On arrival in St. Petersburg, foreign visitors need to fill out a customs declaration form indicating total amount in cash they have with them and goods, subject to declaration. Although there exists a green corridor for those who have nothing to declare, it is highly recommended to fill out a customs declaration form, pass through the red corridor and declare at least all cash to avoid any problems when leaving the country. Visitors cannot take out more cash from Russia than they declared when arriving.
The import of alcohol and tobacco is limited as follows:
- Alcohol (any kind) - 2 litres per person
- tobacco (cigars, cigarillos, cigarettes): 400 items per person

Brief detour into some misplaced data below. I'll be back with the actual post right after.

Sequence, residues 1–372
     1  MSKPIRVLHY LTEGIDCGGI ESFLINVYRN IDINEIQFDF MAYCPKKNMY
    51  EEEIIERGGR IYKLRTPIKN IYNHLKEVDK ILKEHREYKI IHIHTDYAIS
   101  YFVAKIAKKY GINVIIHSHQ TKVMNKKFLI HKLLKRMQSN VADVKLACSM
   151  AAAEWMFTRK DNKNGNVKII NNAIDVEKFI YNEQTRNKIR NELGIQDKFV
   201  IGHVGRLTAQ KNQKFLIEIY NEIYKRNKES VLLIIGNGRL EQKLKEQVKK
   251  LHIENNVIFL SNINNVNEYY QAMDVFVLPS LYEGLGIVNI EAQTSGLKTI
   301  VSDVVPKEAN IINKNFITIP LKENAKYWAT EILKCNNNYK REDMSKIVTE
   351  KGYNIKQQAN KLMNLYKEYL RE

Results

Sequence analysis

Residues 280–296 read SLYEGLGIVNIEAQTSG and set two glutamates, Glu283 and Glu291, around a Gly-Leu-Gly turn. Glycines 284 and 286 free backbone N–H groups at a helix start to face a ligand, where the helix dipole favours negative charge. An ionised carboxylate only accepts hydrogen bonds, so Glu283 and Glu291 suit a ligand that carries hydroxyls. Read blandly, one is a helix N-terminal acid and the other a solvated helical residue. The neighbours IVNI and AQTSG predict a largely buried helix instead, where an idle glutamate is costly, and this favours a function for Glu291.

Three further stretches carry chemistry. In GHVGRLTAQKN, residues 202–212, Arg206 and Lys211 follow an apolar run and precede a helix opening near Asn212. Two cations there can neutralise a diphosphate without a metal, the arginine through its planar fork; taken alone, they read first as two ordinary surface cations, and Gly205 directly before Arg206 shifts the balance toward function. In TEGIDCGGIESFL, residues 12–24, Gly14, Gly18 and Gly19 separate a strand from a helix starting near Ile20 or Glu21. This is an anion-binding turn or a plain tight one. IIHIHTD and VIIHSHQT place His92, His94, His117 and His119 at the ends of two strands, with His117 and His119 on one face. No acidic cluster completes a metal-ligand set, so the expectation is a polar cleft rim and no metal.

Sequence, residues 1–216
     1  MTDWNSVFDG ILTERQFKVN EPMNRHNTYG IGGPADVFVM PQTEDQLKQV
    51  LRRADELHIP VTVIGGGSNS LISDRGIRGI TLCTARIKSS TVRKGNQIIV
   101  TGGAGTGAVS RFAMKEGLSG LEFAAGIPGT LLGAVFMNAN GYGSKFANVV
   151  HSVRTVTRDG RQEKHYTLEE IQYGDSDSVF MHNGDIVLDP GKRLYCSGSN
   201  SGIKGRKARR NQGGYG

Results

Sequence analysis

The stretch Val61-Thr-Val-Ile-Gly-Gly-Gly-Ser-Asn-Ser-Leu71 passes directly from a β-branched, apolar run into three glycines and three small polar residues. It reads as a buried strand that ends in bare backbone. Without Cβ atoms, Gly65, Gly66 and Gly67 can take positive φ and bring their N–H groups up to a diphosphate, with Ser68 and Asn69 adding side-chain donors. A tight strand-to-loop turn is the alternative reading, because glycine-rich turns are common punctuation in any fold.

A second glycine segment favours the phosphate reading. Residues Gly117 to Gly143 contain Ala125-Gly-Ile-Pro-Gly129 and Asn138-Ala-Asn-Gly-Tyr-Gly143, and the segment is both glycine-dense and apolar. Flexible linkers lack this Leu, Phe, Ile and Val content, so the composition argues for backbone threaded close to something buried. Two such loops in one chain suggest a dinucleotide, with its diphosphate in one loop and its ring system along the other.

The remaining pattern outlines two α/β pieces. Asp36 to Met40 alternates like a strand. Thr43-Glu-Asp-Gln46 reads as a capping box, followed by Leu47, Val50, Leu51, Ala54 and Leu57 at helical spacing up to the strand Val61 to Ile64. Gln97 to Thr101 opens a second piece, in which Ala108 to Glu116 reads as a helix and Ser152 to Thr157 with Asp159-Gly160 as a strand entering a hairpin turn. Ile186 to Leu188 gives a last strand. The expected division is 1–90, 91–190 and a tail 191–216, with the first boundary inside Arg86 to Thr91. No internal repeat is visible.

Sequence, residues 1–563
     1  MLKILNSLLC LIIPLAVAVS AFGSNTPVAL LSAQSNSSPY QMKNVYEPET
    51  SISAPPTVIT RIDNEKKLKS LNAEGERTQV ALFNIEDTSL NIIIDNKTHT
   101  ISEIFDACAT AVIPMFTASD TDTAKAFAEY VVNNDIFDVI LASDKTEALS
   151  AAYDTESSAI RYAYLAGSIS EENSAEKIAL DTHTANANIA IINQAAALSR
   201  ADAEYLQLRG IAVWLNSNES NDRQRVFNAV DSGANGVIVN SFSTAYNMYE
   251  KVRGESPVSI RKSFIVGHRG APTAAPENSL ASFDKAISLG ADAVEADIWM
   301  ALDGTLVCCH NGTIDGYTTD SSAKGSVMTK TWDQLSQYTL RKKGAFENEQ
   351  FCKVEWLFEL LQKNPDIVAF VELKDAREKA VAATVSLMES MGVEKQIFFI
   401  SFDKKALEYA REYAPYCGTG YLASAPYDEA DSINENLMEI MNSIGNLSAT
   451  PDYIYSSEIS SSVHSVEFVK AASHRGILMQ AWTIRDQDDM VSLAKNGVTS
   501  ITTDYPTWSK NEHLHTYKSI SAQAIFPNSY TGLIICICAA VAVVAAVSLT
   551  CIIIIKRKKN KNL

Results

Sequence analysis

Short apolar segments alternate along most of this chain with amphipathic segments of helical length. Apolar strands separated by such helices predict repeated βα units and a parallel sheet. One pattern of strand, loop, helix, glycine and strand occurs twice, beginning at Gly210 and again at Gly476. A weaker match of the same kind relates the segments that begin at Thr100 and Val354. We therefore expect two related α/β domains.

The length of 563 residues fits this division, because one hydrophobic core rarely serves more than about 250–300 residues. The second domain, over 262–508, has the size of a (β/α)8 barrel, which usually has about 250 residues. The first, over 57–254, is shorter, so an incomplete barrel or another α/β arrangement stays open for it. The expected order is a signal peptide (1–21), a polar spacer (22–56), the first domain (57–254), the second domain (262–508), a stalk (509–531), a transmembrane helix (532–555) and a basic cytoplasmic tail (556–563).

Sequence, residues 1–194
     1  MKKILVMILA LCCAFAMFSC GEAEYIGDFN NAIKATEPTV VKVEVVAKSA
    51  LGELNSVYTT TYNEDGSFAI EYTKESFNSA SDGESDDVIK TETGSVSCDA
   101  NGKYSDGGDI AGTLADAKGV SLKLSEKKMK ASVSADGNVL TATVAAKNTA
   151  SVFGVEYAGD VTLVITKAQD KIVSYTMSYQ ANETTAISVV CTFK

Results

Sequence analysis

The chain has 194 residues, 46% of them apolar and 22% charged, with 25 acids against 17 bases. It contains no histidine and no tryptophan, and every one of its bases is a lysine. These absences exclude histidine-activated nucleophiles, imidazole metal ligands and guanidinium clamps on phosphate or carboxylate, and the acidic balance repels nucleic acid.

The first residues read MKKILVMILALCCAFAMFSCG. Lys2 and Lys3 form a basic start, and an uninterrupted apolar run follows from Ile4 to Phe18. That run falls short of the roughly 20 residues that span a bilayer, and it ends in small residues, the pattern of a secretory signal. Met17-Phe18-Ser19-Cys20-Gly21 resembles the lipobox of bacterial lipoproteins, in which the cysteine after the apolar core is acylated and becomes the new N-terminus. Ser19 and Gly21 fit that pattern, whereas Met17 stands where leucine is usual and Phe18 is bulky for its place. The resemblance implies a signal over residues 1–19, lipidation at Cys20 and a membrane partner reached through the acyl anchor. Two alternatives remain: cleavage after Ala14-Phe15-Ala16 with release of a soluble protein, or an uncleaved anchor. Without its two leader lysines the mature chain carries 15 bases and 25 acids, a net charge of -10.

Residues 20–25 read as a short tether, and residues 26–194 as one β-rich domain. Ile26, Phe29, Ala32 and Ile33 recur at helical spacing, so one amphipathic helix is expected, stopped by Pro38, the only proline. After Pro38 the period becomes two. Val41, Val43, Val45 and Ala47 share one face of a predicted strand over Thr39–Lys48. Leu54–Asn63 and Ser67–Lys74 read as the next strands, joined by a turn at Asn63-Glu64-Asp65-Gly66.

Detailed information about export restriction of art-work, paintings, musical instruments, cash, caviar etc. are available on request.
All our students are met at the airport, railway or bus stations by our greeting team (a staff member speaking English and a driver) and taken straight to their host family or other point of destination. Our team carrying a " Liden & Denz Language Centre" sign can be easily spotted. Upon arrival all our students receive a welcome package with more detailed information about their stay.
In the unlucky event that there is nobody at the airport or at a train station to meet a student, he should immediately call the school. There is always somebody on duty (from 8 am to 10 pm on working days), who will immediately send for a car and a member of staff to pick him or her up.